The mystery of the tram line cobblestones in Halifax
Dr. Sandra Barr was approached by Mick O'Neill, former graduate student at Acadia, now a Nova Scotia Dept of Energy and Mines geologist, to identify the source of the paving stones used for the old Halifax tram lines. Mick had acquired some samples of the stones and needed to identify them for storage. You can see the appearance of these brick-shaped cobblestones in photographs at https://skyrisecities.com/news/2016/06/once-upon-tram-halifax-street-railway. They are pale brown and fine-grained, and were mostly removed when the trams were discontinued in 1949.
We made some thin sections of them:
(field of view about 2 mm across)
In thin section, the rocks are very fine-grained and made of colourless grains with distinctive hollow cores ("belt-buckles") or long tapering corners ("swallow-tails"). Students in igneous petrology will recall those textures are distinctive of plagioclase in quickly cooled sea-floor basalt.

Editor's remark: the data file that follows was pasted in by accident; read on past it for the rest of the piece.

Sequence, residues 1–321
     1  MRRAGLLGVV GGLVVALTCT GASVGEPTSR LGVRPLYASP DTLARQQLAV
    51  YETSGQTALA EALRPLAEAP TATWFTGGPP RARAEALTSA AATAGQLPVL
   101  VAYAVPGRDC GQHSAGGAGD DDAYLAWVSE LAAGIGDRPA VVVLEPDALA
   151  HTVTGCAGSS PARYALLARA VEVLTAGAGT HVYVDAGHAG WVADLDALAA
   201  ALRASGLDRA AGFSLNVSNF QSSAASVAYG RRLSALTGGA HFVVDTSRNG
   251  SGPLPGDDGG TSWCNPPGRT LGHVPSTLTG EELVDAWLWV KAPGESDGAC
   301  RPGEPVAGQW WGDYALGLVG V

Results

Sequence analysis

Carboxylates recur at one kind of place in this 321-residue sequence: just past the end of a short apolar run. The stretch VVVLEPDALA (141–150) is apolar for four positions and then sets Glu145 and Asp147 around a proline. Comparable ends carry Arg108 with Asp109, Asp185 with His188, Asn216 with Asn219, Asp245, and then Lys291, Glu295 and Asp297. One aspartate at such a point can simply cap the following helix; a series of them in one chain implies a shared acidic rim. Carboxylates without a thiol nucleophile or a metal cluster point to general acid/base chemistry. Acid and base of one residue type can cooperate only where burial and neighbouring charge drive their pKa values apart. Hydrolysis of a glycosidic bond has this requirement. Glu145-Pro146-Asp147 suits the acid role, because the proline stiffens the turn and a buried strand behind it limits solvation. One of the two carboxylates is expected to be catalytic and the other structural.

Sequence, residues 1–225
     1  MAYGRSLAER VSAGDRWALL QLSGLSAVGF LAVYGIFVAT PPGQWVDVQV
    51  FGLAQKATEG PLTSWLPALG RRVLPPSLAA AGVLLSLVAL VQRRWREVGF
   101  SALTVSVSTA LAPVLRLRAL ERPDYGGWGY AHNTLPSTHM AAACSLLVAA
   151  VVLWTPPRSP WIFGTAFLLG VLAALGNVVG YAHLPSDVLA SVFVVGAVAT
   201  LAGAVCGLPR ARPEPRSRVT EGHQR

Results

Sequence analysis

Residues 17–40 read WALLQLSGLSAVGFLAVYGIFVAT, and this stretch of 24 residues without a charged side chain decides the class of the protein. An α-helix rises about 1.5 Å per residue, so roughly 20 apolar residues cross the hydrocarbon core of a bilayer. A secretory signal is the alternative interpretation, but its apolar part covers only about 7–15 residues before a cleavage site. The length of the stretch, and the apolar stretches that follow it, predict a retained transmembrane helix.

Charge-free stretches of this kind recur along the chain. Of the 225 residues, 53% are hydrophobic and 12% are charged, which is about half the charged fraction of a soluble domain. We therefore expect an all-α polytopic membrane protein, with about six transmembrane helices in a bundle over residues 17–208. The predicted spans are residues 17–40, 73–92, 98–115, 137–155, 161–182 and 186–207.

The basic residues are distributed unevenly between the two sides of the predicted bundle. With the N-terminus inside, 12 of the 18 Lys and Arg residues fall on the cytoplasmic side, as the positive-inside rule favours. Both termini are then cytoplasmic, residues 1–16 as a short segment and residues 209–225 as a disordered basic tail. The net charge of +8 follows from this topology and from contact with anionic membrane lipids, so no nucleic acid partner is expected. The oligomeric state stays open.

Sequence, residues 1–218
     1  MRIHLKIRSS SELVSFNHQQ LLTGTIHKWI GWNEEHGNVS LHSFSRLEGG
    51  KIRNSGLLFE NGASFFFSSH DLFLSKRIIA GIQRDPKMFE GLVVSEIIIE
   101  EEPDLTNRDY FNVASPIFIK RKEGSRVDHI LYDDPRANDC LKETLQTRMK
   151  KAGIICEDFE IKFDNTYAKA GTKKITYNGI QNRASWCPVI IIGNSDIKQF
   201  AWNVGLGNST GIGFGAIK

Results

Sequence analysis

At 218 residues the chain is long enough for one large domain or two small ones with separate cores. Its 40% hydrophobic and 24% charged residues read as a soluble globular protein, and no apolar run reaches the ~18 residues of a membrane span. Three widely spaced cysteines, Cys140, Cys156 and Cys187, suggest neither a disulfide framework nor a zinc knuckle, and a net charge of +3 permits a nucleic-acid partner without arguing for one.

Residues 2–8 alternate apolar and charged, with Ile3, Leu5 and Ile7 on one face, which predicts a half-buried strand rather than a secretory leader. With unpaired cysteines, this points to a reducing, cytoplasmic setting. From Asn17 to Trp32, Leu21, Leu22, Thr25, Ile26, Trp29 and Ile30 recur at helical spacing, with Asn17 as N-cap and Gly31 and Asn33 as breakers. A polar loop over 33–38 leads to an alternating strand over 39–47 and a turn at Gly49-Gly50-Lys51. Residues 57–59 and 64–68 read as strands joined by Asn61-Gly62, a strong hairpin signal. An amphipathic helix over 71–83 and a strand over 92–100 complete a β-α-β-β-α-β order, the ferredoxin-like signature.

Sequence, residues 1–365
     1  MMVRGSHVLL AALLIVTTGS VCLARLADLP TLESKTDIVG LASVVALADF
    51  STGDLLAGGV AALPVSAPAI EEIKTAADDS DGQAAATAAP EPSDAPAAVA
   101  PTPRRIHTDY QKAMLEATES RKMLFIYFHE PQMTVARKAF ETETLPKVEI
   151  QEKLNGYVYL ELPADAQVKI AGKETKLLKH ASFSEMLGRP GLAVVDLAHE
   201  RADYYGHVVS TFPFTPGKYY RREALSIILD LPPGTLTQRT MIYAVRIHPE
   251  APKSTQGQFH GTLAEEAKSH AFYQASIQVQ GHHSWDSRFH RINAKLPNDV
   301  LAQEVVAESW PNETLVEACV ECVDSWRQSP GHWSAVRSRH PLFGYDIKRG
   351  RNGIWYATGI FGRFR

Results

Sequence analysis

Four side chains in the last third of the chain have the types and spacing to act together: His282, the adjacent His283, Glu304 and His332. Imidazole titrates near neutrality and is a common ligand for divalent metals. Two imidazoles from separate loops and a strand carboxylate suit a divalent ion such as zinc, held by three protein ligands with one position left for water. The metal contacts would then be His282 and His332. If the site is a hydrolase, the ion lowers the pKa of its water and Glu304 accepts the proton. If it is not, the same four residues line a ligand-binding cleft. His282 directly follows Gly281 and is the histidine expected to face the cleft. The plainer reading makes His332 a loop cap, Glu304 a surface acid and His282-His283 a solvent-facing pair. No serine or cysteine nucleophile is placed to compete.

Under crossed polars the belt-buckles show low first-order interference colours, and near extinctions display the distinctive Prussian blue and dark chocolate brown tones of dispersion, again both distinctive features of plagioclase:
The more brightly coloured minerals are likely pyroxene. Although plagioclase + pyroxene are the minerals that make basalt, it turns out this material was most likely artificial. It's not possible to say if it was specially made for the manufacture of the paving stones, or if it was recycled steel foundry slag. One clue is that during sawing of the rock to make the thin section, it emitted the powerful smell of H2S, a hint that there must be significant sulphur in it too.